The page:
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revision 510 by ph10, Sat Mar 27 17:45:29 2010 UTC revision 547 by ph10, Mon Jun 21 14:06:54 2010 UTC
# Line 132  an application that uses PCRE. The heade Line 132  an application that uses PCRE. The heade
132  and PCRE_MINOR to contain the major and minor release numbers for the library.  and PCRE_MINOR to contain the major and minor release numbers for the library.
133  Applications can use these to include support for different releases of PCRE.  Applications can use these to include support for different releases of PCRE.
134  .P  .P
135    In a Windows environment, if you want to statically link an application program
136    against a non-dll \fBpcre.a\fP file, you must define PCRE_STATIC before
137    including \fBpcre.h\fP or \fBpcrecpp.h\fP, because otherwise the
138    \fBpcre_malloc()\fP and \fBpcre_free()\fP exported functions will be declared
139    \fB__declspec(dllimport)\fP, with unwanted results.
140    .P
141  The functions \fBpcre_compile()\fP, \fBpcre_compile2()\fP, \fBpcre_study()\fP,  The functions \fBpcre_compile()\fP, \fBpcre_compile2()\fP, \fBpcre_study()\fP,
142  and \fBpcre_exec()\fP are used for compiling and matching regular expressions  and \fBpcre_exec()\fP are used for compiling and matching regular expressions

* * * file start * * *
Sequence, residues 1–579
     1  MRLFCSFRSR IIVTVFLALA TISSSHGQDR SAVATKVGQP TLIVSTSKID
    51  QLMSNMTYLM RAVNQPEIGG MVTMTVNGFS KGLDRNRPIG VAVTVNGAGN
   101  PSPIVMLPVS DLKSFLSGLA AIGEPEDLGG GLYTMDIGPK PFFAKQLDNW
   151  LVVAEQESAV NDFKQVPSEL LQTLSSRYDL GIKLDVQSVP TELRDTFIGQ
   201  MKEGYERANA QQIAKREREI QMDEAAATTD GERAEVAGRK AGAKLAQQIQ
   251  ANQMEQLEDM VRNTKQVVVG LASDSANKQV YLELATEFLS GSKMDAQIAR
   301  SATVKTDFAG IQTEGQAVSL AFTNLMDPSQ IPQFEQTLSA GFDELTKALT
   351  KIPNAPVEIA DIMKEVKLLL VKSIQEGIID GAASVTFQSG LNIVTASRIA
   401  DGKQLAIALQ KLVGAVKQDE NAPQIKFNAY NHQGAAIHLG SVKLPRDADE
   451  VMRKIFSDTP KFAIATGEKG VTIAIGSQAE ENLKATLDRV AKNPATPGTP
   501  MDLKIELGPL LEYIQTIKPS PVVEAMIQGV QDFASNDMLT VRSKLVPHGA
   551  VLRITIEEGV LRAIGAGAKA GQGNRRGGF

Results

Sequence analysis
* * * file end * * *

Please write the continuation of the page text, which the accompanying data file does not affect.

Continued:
143  in a Perl-compatible manner. A sample program that demonstrates the simplest  in a Perl-compatible manner. A sample program that demonstrates the simplest
# Line 553  set, any backslash in a pattern that is Line 559  set, any backslash in a pattern that is
559  special meaning causes an error, thus reserving these combinations for future  special meaning causes an error, thus reserving these combinations for future
560  expansion. By default, as in Perl, a backslash followed by a letter with no  expansion. By default, as in Perl, a backslash followed by a letter with no
561  special meaning is treated as a literal. (Perl can, however, be persuaded to  special meaning is treated as a literal. (Perl can, however, be persuaded to
562  give a warning for this.) There are at present no other features controlled by  give an error for this, by running it with the -w option.) There are at present
563  this option. It can also be set by a (?X) option setting within a pattern.  no other features controlled by this option. It can also be set by a (?X)
564    option setting within a pattern.
565  .sp  .sp
566    PCRE_FIRSTLINE    PCRE_FIRSTLINE
567  .sp  .sp
# Line 635  were followed by ?: but named parenthese Line 642  were followed by ?: but named parenthese
642  they acquire numbers in the usual way). There is no equivalent of this option  they acquire numbers in the usual way). There is no equivalent of this option
643  in Perl.  in Perl.
644  .sp  .sp
645      PCRE_UCP
646    .sp
647    This option changes the way PCRE processes \eb, \ed, \es, \ew, and some of the
648    POSIX character classes. By default, only ASCII characters are recognized, but
649    if PCRE_UCP is set, Unicode properties are used instead to classify characters.
650    More details are given in the section on
651    .\" HTML <a href="pcre.html#genericchartypes">
652    .\" </a>
653    generic character types
654    .\"
655    in the
656    .\" HREF
657    \fBpcrepattern\fP
658    .\"